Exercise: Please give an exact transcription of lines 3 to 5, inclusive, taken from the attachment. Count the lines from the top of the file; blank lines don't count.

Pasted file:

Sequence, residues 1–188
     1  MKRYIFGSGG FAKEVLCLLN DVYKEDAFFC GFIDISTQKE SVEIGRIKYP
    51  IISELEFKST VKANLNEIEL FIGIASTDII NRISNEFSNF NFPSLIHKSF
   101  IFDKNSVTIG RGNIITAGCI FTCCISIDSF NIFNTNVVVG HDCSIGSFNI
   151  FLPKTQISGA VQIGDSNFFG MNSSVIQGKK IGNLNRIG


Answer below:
    51  IISELEFKST VKANLNEIEL FIGIASTDII NRISNEFSNF NFPSLIHKSF
   101  IFDKNSVTIG RGNIITAGCI FTCCISIDSF NIFNTNVVVG HDCSIGSFNI
   151  FLPKTQISGA VQIGDSNFFG MNSSVIQGKK IGNLNRIG